Party Platforms Must Renounce and Reform Police Misconduct
Tale of Two Cities: Philadelphia and L.A.
Washington, DC (July 21, 2000) -- “The beating of a suspect by the Philadelphia police is another example of what appears to be a systemic problem within police forces across the nation. This time the beating was televised. I hate to think of how often citizen abuse occurs when the cameras aren’t there,” said William B. Moffitt, president of the National Association of Criminal Defense Lawyers (NACDL). This latest, highly-publicized black eye for law enforcement comes on the heels of disturbing reports of police brutality in New York City, and the worst scandal in the scarred history of the LAPD, with 28 officers thus far having been implicated in a corruption scandal which has led to the dismissal of dozens of previous convictions.
“We recognize that there may have been some provocation on the part of the suspect, but the brutal, overkill of force exhibited by the 12 police officers on the scene was extremely inappropriate. This kind of physical assault is an assault on our collective conscience, yet it happens everyday in America. This video exposes a deep-seated problem which must be addressed in the mentality and training of police departments everywhere,” said Moffitt.
Earlier this week, Amtrak police in Philadelphia shot and killed a mentally-disturbed, homeless man at the city''s 30th Street train station. Noting this second act of publicized overreaction in less than two weeks, Moffitt remarked, "It''s important that we learn the lessons of the Chicago Convention debacle of 1968. We cannot sacrifice free speech and assembly of the citizens to the cosmetics that accompany national conventions, be it Philadelphia or L.A. We can''t allow cities to simply clean the streets of those considered to be undesirable, through intimidation or officially-sanctioned abuse."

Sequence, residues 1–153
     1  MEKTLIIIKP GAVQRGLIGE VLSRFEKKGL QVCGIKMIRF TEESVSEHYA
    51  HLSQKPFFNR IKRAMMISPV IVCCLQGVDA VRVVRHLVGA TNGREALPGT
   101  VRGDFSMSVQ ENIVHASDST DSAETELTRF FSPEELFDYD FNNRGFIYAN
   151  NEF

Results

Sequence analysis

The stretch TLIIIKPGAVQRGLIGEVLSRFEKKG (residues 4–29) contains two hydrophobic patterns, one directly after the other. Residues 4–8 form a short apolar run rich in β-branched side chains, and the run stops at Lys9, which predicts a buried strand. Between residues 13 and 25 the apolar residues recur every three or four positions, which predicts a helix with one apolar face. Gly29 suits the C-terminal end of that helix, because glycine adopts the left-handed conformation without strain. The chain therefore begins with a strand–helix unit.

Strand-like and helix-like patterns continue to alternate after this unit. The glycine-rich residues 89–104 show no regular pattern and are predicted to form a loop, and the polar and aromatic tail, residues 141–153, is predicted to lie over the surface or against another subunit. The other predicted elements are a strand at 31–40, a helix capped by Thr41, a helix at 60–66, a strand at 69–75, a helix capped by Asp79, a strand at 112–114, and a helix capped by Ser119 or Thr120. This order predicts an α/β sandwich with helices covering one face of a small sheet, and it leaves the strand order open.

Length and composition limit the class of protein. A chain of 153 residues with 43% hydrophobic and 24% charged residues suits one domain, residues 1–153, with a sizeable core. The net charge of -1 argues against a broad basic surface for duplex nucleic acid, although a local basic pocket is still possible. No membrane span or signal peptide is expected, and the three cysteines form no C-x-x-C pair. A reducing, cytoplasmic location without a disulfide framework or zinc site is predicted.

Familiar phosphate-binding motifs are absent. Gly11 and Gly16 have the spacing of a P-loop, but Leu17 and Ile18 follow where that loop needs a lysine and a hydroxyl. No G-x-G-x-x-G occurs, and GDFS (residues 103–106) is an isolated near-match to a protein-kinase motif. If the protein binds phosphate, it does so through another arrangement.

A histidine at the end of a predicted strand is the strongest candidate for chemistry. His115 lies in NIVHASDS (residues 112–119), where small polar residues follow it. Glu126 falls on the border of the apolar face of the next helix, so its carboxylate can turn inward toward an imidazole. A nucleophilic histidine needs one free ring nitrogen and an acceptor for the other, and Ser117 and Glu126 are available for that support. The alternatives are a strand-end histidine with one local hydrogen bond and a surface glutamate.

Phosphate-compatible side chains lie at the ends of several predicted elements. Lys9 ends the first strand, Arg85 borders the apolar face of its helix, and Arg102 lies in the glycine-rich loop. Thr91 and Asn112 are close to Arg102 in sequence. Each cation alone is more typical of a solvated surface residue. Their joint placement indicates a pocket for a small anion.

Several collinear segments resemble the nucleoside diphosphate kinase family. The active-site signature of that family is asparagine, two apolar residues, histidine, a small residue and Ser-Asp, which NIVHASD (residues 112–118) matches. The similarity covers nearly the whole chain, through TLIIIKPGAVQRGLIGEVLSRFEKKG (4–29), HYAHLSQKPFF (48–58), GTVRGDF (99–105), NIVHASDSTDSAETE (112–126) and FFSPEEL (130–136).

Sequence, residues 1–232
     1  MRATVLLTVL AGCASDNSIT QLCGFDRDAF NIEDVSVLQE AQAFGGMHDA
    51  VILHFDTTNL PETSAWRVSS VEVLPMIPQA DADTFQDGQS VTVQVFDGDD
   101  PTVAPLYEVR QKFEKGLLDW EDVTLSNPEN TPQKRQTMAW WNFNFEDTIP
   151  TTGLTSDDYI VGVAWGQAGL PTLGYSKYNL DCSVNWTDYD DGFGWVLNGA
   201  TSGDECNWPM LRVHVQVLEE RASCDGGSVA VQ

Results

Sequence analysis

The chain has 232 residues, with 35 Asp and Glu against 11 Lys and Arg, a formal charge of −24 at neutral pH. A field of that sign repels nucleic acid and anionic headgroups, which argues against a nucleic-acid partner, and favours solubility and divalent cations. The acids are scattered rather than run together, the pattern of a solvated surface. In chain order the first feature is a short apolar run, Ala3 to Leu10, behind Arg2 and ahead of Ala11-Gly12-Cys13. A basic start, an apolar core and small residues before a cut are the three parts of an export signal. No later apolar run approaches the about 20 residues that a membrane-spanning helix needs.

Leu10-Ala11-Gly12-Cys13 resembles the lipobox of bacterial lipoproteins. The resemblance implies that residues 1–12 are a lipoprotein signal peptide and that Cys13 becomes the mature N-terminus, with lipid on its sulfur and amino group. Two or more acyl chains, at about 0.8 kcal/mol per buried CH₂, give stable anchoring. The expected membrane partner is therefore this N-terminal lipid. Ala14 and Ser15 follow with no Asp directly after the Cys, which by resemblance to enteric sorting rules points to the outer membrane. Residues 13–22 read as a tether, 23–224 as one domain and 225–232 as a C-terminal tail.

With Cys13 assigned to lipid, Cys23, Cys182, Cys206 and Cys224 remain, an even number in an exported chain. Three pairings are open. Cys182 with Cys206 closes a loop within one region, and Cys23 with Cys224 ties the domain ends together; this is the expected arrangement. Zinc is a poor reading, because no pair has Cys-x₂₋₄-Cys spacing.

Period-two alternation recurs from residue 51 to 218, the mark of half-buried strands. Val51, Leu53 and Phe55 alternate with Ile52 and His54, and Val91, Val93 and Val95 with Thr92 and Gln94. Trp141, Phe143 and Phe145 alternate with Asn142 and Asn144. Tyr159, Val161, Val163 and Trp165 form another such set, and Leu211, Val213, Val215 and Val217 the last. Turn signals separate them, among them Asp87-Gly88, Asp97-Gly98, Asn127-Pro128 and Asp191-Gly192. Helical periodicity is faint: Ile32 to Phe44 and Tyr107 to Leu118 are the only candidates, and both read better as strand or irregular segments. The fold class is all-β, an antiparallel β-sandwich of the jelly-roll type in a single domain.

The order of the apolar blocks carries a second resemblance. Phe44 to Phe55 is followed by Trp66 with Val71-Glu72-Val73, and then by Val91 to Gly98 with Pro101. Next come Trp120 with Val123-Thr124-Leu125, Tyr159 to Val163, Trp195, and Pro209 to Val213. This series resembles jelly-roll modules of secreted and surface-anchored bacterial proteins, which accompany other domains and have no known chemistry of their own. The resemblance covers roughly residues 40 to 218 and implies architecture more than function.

Noting the irony that the Republican Convention is to be held in the “City of Brotherly Love” in less than two weeks, and the Democratic Convention follows in Los Angeles two weeks later, Moffitt urged that the Republican and Democratic leadership address the matter head-on and fully attempt to bring about change in how big-city police conduct themselves. “This issue is of utmost importance to the country. Neither Vice President Gore nor Governor Bush can afford to ignore it. They should use the convention platforms in Philadelphia and Los Angeles to decry police abuse such as this, and firmly commit their parties to reforming the training and attitudes underlying it.”
"We can only hope that this incident will spur the American public, and the nation’s leadership, to demand improvements in how police are expected and required to deal with all situations."